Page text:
We had the good fortune of connecting with Angela Palmer and we’ve shared our conversation below.
Hi Angela, why did you pursue a creative career?
I always loved making things and I wanted to love what I did for work. I was always fascinated by the idea that I could see a space in my head and then be able to physically stand in it. I remember making collages of roomscapes from home goods magazines with one of my best friends and I can’t deny the influence of HGTV. One of my favorite classes in middle school was shop because I loved the smell of wood, specifically cedar, while it was being cut. I knew I wanted to make art for work but I also didn’t want to be that ‘starving artist’ so I looked for a path that would provide a more secure job. I liked math and geometry and art so architecture seemed to fit.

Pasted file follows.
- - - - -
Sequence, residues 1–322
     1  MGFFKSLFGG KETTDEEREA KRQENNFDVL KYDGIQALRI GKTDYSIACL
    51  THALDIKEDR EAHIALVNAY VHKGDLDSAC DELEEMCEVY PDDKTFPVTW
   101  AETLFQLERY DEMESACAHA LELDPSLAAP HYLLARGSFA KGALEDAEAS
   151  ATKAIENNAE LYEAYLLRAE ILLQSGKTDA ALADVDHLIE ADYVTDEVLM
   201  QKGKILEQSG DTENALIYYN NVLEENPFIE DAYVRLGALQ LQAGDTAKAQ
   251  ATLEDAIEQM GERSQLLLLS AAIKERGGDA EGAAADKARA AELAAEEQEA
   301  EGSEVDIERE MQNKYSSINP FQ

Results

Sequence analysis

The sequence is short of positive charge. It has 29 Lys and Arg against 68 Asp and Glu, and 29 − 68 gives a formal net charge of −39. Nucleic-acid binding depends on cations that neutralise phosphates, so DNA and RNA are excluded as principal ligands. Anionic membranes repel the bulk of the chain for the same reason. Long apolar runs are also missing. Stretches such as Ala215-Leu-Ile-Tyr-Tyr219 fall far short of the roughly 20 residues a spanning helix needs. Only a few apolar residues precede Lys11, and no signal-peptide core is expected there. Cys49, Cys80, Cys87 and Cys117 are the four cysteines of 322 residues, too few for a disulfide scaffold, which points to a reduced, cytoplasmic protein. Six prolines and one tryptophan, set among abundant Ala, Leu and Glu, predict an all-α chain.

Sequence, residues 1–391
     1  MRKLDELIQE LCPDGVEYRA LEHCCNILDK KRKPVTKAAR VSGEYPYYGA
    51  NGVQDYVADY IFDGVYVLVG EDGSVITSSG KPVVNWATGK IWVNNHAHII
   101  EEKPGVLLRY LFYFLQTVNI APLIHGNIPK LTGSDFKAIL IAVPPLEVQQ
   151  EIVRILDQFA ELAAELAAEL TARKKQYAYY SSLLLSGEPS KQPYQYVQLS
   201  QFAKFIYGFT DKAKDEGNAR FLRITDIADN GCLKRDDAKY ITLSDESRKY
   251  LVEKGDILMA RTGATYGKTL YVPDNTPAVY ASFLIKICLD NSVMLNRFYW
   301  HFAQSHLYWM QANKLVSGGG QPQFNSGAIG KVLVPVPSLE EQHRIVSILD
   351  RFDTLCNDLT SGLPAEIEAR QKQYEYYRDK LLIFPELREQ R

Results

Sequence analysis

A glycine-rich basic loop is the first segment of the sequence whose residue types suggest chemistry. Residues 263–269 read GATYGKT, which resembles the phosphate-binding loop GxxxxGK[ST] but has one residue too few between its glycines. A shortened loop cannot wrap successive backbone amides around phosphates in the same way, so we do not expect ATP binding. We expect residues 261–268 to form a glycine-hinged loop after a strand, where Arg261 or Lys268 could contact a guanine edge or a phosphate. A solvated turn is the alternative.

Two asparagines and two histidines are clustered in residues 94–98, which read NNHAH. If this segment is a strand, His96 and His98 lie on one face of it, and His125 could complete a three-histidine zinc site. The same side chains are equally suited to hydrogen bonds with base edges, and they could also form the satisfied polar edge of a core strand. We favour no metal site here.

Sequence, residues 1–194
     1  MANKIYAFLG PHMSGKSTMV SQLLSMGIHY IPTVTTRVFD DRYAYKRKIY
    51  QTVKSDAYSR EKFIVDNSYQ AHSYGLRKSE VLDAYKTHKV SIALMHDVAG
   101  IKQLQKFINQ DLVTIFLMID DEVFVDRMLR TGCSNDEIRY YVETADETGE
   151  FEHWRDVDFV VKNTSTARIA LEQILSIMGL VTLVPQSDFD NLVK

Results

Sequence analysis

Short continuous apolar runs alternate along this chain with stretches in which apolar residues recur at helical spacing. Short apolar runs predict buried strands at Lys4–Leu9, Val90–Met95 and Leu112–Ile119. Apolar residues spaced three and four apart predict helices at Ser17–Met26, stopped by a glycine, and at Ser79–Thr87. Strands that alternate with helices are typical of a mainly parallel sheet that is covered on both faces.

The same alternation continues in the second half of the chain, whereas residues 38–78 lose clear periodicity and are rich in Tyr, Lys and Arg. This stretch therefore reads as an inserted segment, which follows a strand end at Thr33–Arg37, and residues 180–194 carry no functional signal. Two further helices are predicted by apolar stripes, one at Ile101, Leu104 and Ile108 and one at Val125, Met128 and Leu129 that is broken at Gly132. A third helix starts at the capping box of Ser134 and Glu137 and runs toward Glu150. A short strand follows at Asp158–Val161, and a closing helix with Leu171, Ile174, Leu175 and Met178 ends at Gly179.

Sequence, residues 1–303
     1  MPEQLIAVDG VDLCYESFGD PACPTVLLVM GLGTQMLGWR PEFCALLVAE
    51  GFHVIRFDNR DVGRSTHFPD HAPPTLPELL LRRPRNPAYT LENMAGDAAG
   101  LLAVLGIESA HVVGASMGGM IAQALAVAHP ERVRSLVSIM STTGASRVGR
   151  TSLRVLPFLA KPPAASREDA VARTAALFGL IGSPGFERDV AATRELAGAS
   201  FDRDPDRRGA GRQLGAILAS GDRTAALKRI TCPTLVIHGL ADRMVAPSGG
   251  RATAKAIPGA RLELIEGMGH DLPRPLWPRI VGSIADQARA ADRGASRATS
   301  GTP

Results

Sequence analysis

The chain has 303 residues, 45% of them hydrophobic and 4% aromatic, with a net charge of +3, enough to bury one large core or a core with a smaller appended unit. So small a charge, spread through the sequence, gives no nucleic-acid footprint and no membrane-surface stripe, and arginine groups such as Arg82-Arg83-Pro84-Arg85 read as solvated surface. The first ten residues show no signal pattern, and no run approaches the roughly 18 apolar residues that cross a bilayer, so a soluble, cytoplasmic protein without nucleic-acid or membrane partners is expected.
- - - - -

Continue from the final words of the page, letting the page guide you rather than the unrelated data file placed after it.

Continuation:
All throughout school I took art classes, I even took a drafting class to make sure I would like doing architecture (little did I know I’d be using the computer for everything…) but in my senior year I decided not to take art and to take Chemistry AP instead because I liked Chemistry and I would make way more money as a biochemical engineer. I missed making art so much that I decided I had no other choice than to pursue a career in the arts, specifically in architecture.
Alright, so let’s move onto what keeps you busy professionally?